Viacom CEO expects Q2 Paramount, Dish deals

Mar 07, 2016, 2:31 PM EST
Source: Medialand/flickr

Viacom's CEO Philippe Dauman said he expects Paramount and Dish deals in Q2.

Reuters reports:

"I am very confident we are going to get to a mutually beneficial outcome and I expect we will get to that point next quarter," Dauman said speaking at the Deutsche Bank Media, Internet, & Telecom Conference Monday afternoon. Dauman had said last month during Viacom's earnings call that the New York-based media company had entered into a short-term extension of its distribution agreement with Dish.

Deadline writes:

Dauman says he feels “very good about the kind of partners we’re talking to” to buy a minority stake in Paramount. A deal “will provide strategic benefits for Paramount and likely for Viacom generally” and enable the studio to look “past the disappointing operating performance of the last several years.” He suggested that the right partner would offer “primarily international and digital” benefits to the studio. “It’s a crown jewel out there” that has “an iconic studio with a very high-quality library which is continually being replenished.” That could give a potential stakeholder a “once-in-a-lifetime opportunity … to get a significant interest in a major studio at a premium valuation.” While Dauman says the cash might “accelerate the development of Paramount,” he’s especially eager to “get our leverage ratio down” — which is on his mind as Viacom faces a $150 million debt maturity next month. He added that he might also look for other business opportunities. “Whatever we don’t need for those purposes we return to shareholders,” he says.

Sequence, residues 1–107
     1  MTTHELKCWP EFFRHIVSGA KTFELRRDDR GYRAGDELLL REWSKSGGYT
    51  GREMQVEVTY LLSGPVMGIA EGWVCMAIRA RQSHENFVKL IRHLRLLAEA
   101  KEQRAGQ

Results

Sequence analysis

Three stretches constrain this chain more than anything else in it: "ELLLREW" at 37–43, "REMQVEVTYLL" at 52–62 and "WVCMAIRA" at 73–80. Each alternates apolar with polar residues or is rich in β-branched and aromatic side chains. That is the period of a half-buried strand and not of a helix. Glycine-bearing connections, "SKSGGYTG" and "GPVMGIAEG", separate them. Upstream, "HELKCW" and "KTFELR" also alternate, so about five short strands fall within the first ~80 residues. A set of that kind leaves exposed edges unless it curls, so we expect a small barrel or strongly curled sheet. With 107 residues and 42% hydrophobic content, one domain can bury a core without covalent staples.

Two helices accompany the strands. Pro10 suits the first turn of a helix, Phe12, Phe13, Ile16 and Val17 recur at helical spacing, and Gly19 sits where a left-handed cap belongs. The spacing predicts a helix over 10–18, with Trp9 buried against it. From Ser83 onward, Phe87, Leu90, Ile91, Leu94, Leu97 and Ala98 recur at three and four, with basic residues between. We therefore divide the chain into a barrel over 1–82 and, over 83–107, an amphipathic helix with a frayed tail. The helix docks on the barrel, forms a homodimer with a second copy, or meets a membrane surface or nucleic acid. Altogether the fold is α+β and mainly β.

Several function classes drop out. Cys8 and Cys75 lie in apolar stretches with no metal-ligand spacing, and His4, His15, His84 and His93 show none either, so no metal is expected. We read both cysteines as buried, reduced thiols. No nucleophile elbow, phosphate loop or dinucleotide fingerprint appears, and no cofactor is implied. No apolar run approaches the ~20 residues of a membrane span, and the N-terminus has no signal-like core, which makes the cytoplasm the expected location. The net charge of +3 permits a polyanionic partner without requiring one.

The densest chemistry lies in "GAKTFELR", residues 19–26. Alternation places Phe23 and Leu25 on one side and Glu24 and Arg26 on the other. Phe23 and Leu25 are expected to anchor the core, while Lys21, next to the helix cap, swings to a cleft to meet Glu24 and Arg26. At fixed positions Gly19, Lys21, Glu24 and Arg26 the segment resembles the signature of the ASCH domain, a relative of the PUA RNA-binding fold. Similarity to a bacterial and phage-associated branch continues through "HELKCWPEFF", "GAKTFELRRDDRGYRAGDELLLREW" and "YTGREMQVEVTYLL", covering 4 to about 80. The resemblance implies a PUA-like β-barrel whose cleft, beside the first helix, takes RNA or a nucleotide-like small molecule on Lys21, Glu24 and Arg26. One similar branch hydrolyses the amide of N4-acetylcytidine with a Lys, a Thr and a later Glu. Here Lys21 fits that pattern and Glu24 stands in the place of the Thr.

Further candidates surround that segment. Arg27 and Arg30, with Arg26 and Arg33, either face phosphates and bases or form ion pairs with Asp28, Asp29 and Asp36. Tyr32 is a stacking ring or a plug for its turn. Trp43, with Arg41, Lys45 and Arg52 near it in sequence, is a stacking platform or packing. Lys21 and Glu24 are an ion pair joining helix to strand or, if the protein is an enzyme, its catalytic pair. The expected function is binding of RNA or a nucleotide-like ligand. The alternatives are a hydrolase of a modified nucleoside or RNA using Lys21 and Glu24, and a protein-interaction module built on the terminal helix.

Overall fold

Variety notes:

Dauman was bullish about the prospects of a new deal with Dish to carry Viacom’s cable channels. Renewal talks had been expected to be potentially rocky, but Dauman predicted a deal would be in place next quarter. “We have a long and strong relationship,” said Dauman. “I’m very confident we’re going to get to a mutually beneficial outcome.” New digital players are threatening the business model for cable providers and could imperil lucrative sources of revenue for content creators such as Viacom. Dauman acknowledged that the television industry has been slow to adapt to the modern, on-demand age, but suggested the creators are well positioned to thrive in the new environment.